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refusal. >> they are condemning their souls. that's what has to be done. only the muslim f this. >> a dustup continues between london mayor sadiq khan and president trump. sadiq khan says he can't be bothered with what the president said that restated his call to rescind an invitation received visit. >> state visits are given to world leaders with whom we have long established links. i don't think a state visit was appropriate and my views have been changed. please continue to search for a network. a raid. out in east london is believed to be connected to zaghba. police picked up a man in the barking neighborhood. what we know is that he is 27 years old and held under the terrorism act. >> bret: mike tobin in london. senior pentagon officials say a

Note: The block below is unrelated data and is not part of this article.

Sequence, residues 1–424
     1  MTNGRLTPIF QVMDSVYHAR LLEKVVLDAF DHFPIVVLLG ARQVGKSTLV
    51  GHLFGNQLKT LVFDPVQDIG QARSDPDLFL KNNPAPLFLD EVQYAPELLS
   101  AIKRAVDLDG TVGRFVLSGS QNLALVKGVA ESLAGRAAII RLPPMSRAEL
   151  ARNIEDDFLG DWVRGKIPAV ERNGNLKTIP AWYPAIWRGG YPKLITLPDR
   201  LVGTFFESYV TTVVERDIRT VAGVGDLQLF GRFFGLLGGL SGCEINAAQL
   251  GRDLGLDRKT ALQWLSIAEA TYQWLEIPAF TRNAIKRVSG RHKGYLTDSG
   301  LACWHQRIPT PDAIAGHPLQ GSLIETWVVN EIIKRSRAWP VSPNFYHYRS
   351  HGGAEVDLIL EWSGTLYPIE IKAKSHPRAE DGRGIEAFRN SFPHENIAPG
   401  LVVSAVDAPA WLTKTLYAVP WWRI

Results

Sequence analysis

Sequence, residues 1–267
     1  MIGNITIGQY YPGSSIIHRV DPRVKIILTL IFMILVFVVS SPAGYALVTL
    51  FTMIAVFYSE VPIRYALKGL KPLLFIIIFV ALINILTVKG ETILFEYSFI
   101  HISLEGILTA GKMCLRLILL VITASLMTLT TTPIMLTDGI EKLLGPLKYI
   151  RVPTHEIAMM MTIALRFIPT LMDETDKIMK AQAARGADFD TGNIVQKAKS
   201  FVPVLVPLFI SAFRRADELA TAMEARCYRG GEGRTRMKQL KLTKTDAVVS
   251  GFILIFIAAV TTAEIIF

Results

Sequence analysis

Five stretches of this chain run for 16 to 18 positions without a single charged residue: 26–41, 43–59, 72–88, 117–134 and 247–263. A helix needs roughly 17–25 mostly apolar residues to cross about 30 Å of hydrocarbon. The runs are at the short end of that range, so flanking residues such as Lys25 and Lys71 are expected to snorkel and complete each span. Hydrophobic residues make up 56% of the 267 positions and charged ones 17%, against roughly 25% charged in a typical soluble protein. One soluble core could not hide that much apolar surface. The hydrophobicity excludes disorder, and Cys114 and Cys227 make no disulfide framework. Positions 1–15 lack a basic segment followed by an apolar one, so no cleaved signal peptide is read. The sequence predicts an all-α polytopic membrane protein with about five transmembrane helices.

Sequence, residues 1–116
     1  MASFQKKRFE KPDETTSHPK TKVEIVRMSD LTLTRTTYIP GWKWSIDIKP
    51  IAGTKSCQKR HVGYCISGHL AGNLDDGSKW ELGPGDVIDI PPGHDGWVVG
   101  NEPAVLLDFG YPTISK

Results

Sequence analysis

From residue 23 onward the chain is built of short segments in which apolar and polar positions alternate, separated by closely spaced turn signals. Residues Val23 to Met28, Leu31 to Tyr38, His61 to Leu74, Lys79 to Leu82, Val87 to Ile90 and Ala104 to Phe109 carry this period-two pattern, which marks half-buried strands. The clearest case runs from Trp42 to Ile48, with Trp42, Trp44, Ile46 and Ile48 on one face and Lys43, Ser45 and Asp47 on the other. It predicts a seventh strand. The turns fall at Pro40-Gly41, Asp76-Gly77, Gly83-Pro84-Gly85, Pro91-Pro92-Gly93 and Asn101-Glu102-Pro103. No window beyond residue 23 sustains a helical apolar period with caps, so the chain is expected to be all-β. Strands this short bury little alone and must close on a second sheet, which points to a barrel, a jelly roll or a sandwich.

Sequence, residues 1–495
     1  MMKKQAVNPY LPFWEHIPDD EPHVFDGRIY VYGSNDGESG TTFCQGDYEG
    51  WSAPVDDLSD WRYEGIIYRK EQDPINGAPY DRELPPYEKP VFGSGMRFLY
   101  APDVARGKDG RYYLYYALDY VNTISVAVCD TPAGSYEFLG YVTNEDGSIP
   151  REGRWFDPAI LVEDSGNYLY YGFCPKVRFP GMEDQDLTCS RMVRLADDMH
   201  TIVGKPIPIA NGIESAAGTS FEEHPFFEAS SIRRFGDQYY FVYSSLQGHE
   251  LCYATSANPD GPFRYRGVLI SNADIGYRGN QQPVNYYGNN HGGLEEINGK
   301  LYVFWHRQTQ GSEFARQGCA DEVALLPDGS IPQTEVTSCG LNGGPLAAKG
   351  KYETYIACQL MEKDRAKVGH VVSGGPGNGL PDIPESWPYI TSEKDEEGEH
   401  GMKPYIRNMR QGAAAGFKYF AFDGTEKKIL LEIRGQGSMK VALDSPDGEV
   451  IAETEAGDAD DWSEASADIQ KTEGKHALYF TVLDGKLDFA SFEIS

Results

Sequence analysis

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russian fighter jet intercepted a u.s. b-52 bomber over the baltic sea today. spokesman says the american plane was on a routine mission in international airspace. it's not known how close the russian jet game to the u.s. b-52. intercept is the latest example of aggressive russian actions aimed at the u.s. military and homeland in recent weeks. a federal contractor is facing serious charges tonight, accused of giving state secrets to the news media. it is the first such arrest, as the trump administration tries to plug the leaks. catherine herridge has details. >> according to the fbi, 25-year-old government contractor reality winner is accused of leaking top-secret national security agency intelligence on russia's alleged election interference. at her home in georgia, her parents emphasized her military record. >> she served for six years with distinction, no disciplinary